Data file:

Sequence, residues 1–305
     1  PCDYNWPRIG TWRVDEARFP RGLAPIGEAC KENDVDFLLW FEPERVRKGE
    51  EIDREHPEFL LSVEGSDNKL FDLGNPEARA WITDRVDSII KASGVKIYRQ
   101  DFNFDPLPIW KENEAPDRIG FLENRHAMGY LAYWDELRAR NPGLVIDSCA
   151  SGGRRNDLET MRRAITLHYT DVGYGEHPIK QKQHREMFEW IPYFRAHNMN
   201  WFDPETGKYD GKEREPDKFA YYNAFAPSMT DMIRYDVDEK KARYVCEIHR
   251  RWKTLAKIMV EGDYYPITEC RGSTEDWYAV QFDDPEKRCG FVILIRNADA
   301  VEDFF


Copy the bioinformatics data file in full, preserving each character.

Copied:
Sequence, residues 1–305
     1  PCDYNWPRIG TWRVDEARFP RGLAPIGEAC KENDVDFLLW FEPERVRKGE
    51  EIDREHPEFL LSVEGSDNKL FDLGNPEARA WITDRVDSII KASGVKIYRQ
   101  DFNFDPLPIW KENEAPDRIG FLENRHAMGY LAYWDELRAR NPGLVIDSCA
   151  SGGRRNDLET MRRAITLHYT DVGYGEHPIK QKQHREMFEW IPYFRAHNMN
   201  WFDPETGKYD GKEREPDKFA YYNAFAPSMT DMIRYDVDEK KARYVCEIHR
   251  RWKTLAKIMV EGDYYPITEC RGSTEDWYAV QFDDPEKRCG FVILIRNADA
   301  VEDFF